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Smith v. State

Court of Special Appeals of Maryland

December 1, 2014

GREGORY EMILIE SMITH
v.
STATE OF MARYLAND

Meredith, Graeff, Leahy, JJ.

OPINION

LEAHY, J.

During a post-arrest interview, Appellant Gregory Emilie Smith waived his Miranda rights and then described multiple occasions on which he engaged in "consensual" anal intercourse with four-year-old K.N.[1] Before his trial, Appellant moved to suppress this confession, claiming that it was involuntary and obtained in violation of Maryland's common law rule prohibiting law enforcement officers from promising or implying that a suspect will gain the advantage of non-prosecution or some other form of assistance in exchange for a confession. In denying this motion, the Circuit Court for Montgomery County concluded that no reasonable layperson would believe that they would be afforded leniency upon confessing to "consensual" anal sex with a four-year-old. At trial, Appellant's recorded confession was played for the jury, and on May 3, 2012, the jury convicted Appellant of one count of sexual abuse of a minor, two counts of first-degree sex offense, and one count of second-degree child abuse. In his timely appeal, Appellant presents only one question:

"Did the lower court err in denying Appellant's motion to suppress?"

We affirm. We find that the law enforcement officers made no explicit promises, and that a reasonable layperson in Appellant's position would not have inferred from the officers' statements that he could gain the advantage of non-prosecution or leniency by confessing to "consensual" anal intercourse with a four-year old. See Hill v. State, 418 Md. 62, 77 (2011).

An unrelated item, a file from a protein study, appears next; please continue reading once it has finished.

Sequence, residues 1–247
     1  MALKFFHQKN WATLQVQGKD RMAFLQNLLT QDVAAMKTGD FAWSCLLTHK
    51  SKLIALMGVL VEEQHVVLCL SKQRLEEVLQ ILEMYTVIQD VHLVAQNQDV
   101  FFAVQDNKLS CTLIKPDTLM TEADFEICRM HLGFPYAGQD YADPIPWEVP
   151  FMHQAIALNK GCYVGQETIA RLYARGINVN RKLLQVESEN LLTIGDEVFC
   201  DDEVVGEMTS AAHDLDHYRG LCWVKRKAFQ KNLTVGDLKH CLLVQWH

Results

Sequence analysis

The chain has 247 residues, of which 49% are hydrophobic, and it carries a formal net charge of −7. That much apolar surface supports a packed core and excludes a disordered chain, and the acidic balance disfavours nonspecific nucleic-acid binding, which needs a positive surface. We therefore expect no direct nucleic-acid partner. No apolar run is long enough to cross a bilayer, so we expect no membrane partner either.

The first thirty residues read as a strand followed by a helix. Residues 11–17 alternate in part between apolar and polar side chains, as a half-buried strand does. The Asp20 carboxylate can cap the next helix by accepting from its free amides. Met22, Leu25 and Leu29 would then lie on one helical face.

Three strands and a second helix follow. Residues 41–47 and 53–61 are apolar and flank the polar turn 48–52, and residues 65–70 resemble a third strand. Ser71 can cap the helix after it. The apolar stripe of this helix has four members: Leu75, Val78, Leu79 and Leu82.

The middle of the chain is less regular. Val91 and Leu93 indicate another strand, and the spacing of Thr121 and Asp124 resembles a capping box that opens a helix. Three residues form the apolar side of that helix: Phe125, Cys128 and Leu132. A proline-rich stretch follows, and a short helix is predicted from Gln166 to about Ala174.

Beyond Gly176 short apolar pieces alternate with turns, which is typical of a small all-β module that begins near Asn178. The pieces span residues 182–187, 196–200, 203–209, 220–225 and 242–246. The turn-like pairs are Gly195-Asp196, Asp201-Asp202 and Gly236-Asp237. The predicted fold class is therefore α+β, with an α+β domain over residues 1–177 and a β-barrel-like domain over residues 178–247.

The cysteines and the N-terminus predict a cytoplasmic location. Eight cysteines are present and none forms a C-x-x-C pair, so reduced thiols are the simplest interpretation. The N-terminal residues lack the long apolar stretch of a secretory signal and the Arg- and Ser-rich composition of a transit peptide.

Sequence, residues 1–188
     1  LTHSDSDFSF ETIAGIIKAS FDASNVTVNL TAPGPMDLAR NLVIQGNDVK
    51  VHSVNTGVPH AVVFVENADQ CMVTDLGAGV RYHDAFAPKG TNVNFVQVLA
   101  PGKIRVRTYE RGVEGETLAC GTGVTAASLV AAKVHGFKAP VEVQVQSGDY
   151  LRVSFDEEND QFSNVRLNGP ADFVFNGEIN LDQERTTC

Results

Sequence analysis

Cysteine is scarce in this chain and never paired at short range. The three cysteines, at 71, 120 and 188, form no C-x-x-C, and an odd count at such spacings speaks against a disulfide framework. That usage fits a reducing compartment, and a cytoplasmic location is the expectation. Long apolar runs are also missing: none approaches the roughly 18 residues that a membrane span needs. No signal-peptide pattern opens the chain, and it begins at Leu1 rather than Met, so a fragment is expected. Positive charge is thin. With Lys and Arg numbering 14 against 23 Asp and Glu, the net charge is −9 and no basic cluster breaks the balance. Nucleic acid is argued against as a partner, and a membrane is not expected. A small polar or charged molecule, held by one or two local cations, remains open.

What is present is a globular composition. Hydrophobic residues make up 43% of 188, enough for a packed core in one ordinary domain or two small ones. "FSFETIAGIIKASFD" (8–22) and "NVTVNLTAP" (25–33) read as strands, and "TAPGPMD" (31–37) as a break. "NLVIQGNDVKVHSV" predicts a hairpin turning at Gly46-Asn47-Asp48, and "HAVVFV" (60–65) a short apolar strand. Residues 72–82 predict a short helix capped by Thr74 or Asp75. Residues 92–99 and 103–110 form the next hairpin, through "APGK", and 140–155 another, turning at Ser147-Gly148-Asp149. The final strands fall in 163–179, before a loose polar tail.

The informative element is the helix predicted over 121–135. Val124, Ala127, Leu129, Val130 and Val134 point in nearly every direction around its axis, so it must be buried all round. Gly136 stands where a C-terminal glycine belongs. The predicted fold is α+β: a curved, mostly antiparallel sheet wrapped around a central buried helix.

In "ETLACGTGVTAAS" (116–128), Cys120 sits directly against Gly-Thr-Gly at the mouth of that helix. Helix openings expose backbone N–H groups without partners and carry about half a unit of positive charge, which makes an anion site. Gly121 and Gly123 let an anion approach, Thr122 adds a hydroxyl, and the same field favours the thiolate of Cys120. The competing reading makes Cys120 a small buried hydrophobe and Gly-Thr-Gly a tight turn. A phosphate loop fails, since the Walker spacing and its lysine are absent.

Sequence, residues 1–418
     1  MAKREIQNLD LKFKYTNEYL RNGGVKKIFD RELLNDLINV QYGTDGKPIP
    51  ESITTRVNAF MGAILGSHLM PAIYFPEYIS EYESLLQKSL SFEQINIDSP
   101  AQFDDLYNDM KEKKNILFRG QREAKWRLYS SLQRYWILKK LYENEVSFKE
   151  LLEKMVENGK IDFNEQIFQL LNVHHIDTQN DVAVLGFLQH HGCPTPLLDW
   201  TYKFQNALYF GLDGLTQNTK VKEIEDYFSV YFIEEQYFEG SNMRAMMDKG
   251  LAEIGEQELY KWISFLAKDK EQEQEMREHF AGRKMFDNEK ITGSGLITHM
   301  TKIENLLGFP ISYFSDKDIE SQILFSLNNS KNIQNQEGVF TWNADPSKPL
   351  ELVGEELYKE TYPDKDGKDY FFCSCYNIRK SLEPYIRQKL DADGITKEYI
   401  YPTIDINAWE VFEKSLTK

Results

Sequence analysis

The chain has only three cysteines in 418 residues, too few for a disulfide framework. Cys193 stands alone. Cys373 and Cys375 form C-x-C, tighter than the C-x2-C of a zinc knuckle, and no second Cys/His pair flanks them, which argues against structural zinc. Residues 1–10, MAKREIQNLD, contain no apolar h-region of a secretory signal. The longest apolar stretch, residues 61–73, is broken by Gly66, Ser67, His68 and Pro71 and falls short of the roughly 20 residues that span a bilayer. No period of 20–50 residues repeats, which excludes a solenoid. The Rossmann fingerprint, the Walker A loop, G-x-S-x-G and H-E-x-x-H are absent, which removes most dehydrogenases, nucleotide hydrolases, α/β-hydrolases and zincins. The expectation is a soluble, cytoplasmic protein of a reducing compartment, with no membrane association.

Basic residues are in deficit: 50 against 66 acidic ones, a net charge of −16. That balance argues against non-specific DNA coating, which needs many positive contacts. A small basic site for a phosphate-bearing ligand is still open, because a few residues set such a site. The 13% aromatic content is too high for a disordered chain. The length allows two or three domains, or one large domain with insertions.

I.

A. The Interview

Appellant was arrested on September 14, 2010, in the District of Columbia on an outstanding warrant. Detectives Michael Carin and Errol Birch of the Montgomery

County Police went to the D.C. police station to interview Appellant. The DVD recording of the interview shows Appellant wearing what appears to be sleepwear. He is not handcuffed, but one of his legs is restrained to a device attached to the floor. The interview room contains one desk and three chairs. Although the detectives are in plainclothes, it is unclear from the video whether the detectives were armed. Both of the detectives, as well as Appellant, spoke in clear, calm voices throughout the interview, and there is no indication that Appellant was threatened in any way.

The detectives introduced themselves as police officers, told Appellant that they wanted to interview him about K.N., and then read Appellant his rights pursuant to Miranda v. Arizona, 384 U.S. 436 (1966). Appellant acknowledged that he understood his rights, agreed to speak with the detectives, and then initialed and signed the Advice of Rights Form.

Appellant told the detectives that he was a computer programming student at Strayer University. He also said he was not on any medications at that time, which was noted as 9:10 a.m. He confirmed that a "couple of years ago" he lived in an apartment on Georgia Avenue with Maria N. and her children, K.N. and D.N.

Detective Carin explained the allegations: "Okay. There's no way to sugarcoat this, because the information that we have seems pretty bad, okay? Basically, she disclosed to her Mom . . . Okay. K.N. and D.N were interviewed last week, and basically they were talking about . . . you beat him up one day; and . . . you engaged K.N. in anal intercourse. Okay. That's basically why we are here." The detectives detailed K.N.'s accusations, including that Appellant engaged in this behavior on multiple occasions. They also indicated they had an eyewitness.